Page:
Parents who now see the time coming when your children will leave to study at college or learn a trade, eventually to marry and have children of their own—what must it have been like all those quiet years, to be his mother, and know that the time was coming when he must leave, and the sword so long ago predicted, when he was so small, would pierce her heart?
But we know the story does not end there. If we were pagans, we would not know that. If we were pagans, I might tell you, with a note of urgency and some considerable dishonesty, that you should go forth and make something of yourselves and change the world. Well, if you are going to change the world, you had better do it quick, because the time is short, and all flesh is grass. Time devours his children.
Ever in the ancient Greek mythology time and change are felt as unseen threats, impersonal and deaf to all appeal. The story goes that the wise Athenian, Solon, after he had reformed the laws of Athens, went on a tour of the known world, to see the habits of men and their fate. On that tour he met the richest man alive, Croesus the Emperor of Lydia.
Croesus asked Solon whether he had ever seen a happier man than he. To which Solon replied that he had: a certain Athenian citizen, not terribly important, who fought well for his country when he was young, led a comfortable life, raised upstanding children, and then died—died before he could see how time and change would destroy it all. “Count no man happy until his end,” said Solon. Croesus laughed.
He, the happiest man in the world, wanted to make something of himself, wanted to change that world—that is, he wanted more land. So he asked the Oracle at Delphi what would happen if he attacked Persia, and received the reply, “If Croesus attacks Persia, a great empire will be destroyed.” So he attacked Persia, and a great empire was destroyed—his own.
When Cyrus of Persia—that same Cyrus in the Bible who sent the Jews back home to Palestine—ordered his men to place his royal prisoner upon a pyre, the bystanders heard a voice crying over and over, “Solon, you were right, Solon, you were right!”
But Solon wasn’t exactly right. The pagans did not know, but we Christians know, that time is going somewhere. How could it not be going somewhere, when all the creatures in this wondrous world, including even our bodies and the time they dwell in, were fashioned by God, who is the Lord of time?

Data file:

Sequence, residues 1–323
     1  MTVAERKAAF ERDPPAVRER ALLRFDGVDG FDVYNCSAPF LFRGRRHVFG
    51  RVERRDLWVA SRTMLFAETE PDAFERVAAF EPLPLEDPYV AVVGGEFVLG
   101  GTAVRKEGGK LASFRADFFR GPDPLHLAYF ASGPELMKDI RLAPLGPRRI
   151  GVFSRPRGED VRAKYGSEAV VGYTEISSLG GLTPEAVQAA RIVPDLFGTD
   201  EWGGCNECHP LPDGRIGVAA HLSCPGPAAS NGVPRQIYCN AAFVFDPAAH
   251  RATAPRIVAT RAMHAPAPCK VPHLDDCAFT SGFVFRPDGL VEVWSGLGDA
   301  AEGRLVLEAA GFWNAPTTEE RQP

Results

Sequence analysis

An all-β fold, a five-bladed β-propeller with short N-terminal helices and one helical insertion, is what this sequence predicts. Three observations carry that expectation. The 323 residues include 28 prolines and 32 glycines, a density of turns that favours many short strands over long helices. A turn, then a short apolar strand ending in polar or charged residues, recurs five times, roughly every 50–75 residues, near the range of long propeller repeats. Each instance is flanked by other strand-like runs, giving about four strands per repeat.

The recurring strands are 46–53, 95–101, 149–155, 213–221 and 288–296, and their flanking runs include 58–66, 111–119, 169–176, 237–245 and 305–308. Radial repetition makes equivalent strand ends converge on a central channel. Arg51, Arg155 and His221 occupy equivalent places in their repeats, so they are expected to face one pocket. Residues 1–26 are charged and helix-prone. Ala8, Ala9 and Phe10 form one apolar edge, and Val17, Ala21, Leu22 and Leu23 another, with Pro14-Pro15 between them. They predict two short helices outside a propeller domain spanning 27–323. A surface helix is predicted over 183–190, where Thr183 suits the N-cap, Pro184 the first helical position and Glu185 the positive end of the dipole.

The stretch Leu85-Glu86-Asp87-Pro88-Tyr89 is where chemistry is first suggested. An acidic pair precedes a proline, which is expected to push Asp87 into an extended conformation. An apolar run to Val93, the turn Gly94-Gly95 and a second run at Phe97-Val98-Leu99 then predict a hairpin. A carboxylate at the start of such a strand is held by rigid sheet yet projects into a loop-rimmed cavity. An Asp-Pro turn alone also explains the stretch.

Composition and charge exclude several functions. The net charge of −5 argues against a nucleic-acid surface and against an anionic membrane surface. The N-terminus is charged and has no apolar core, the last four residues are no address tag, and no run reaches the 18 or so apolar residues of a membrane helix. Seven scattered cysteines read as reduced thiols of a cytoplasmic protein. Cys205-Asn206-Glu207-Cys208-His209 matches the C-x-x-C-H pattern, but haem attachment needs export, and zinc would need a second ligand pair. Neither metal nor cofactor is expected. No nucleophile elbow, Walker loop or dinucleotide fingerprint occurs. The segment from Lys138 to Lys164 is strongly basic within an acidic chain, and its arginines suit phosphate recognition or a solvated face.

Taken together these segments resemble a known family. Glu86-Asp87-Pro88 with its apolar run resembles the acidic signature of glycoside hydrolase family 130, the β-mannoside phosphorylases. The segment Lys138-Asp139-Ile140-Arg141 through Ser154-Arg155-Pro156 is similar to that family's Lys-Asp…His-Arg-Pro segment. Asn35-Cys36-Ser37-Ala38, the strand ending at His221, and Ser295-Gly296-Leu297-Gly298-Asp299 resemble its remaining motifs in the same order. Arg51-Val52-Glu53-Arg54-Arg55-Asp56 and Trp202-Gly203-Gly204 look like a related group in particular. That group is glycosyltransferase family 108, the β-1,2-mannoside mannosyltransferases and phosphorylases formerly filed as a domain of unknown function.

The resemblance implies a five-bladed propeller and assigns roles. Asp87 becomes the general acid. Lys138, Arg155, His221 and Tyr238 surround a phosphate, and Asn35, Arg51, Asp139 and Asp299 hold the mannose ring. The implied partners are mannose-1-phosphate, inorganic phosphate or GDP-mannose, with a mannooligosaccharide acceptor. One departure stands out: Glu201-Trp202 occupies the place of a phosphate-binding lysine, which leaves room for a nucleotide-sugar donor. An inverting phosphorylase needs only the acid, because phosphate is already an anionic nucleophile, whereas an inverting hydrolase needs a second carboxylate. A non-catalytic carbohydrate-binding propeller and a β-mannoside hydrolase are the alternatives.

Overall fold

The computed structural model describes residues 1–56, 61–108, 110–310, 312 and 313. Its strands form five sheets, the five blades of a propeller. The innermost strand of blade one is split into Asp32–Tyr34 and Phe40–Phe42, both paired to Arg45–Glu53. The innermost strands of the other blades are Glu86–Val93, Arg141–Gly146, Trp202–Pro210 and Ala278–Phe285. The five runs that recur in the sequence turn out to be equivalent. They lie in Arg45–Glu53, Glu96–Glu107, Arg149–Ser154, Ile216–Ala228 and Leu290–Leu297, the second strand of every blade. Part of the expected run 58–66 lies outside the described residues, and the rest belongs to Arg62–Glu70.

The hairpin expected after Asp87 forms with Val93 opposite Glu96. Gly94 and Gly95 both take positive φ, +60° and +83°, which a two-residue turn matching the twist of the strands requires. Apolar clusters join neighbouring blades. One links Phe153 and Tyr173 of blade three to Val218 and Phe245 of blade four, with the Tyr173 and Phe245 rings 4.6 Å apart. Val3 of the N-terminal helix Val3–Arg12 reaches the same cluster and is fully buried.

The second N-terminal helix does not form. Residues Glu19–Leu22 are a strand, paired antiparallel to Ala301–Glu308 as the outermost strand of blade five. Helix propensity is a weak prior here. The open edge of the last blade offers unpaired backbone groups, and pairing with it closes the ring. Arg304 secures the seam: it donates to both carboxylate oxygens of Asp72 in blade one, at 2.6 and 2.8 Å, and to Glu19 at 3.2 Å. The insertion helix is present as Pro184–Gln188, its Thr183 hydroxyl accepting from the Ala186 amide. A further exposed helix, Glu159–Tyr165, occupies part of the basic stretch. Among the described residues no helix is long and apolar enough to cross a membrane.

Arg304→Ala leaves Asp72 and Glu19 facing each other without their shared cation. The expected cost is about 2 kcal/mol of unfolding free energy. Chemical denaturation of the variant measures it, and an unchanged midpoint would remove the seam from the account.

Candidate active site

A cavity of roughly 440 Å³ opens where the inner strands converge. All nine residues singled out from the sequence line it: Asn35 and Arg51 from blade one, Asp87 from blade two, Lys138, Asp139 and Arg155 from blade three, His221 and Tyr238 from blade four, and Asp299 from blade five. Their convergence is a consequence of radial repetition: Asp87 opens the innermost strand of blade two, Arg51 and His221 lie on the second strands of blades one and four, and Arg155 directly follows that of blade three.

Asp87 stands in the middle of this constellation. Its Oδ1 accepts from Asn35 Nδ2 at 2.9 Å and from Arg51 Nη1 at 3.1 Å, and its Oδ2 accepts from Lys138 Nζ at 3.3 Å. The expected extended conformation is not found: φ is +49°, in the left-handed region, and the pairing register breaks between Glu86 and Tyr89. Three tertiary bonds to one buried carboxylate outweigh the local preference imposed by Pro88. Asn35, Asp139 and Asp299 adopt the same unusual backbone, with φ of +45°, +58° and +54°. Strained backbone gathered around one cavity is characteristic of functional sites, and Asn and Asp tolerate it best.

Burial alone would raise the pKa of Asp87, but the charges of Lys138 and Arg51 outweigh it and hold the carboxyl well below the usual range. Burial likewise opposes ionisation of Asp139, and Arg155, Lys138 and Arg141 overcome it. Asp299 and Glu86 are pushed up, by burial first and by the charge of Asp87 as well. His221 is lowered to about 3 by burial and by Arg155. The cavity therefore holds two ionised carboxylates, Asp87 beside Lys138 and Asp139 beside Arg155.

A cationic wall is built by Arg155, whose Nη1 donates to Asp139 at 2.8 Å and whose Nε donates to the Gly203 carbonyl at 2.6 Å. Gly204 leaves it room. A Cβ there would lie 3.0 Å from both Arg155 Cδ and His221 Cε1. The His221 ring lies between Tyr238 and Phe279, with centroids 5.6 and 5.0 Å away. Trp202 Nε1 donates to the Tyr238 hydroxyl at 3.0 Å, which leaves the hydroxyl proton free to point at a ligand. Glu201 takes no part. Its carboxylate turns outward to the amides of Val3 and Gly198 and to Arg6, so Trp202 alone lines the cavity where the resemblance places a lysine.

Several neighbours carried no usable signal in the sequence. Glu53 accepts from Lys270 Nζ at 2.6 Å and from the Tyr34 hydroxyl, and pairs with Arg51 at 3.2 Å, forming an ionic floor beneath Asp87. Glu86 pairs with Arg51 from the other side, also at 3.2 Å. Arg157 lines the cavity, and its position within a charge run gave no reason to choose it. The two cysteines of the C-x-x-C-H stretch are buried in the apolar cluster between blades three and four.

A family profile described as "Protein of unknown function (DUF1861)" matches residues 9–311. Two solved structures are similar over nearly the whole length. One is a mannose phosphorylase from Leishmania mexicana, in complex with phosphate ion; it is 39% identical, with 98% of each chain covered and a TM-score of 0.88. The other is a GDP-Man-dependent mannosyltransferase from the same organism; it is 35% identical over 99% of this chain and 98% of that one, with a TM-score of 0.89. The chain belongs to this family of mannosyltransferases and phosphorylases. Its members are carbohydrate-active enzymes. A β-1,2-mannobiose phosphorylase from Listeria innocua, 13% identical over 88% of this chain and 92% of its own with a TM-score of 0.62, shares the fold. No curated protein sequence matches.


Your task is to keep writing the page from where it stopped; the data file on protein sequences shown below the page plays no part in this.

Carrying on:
We may then, with the hope that the wisest of the Greeks could not have, send forth our children into time, because that Lord of time himself came down, was made flesh, and dwelt among us, and grew in wisdom and understanding, and in the fullness of time made his glory known, not by means of a college degree, as worthy a thing as that may be, but by suffering the end of time that awaits us all, even upon a Cross. But as we know, that was not the end, either.
So how can I tell you to go forth and change the world? It has been changed, changed forever. Go forth and conform yourselves to him who changed it. Whatever your walk of life, whatever you do and wherever you go, go into time with him, for whom a day is as a thousand years, and a thousand years as a day.
Other graduates at other ceremonies may be told that they are going places. They may, and you may, and some of those places may be good, and meant for you. Then go there. But there is only one place where I and your parents really want you to go. That place is where time is going, for time is the moving image of eternity.
In that place, all this time that we have been given will be returned and redeemed—this very moment of joy and solemnity now, this brief time in a little old schoolhouse in a town with the funny name of Scituate, Rhode Island—and all the things we loved, even that little foot of a child whom you could rock in the crook of your arms, will be restored and made whole.
For the time is coming, and is near, when there shall be no more death, neither sorrow, nor tears, neither shall there be any more pain; for the former things shall have passed away. And he who sits upon the throne shall say, “Behold, I make all things new.”
Anthony Esolen is Professor of English at Providence College in Providence, Rhode Island, and the author of The Ironies of Faith (ISI Books), The Politically Incorrect Guide to Western Civilization (Regnery), and Ten Ways to Destroy the Imagination of Your Child (ISI Books). He has also translated Tasso's Gerusalemme liberata (Johns Hopkins Press) and Dante's The Divine Comedy (Random House). He is a senior editor of Touchstone.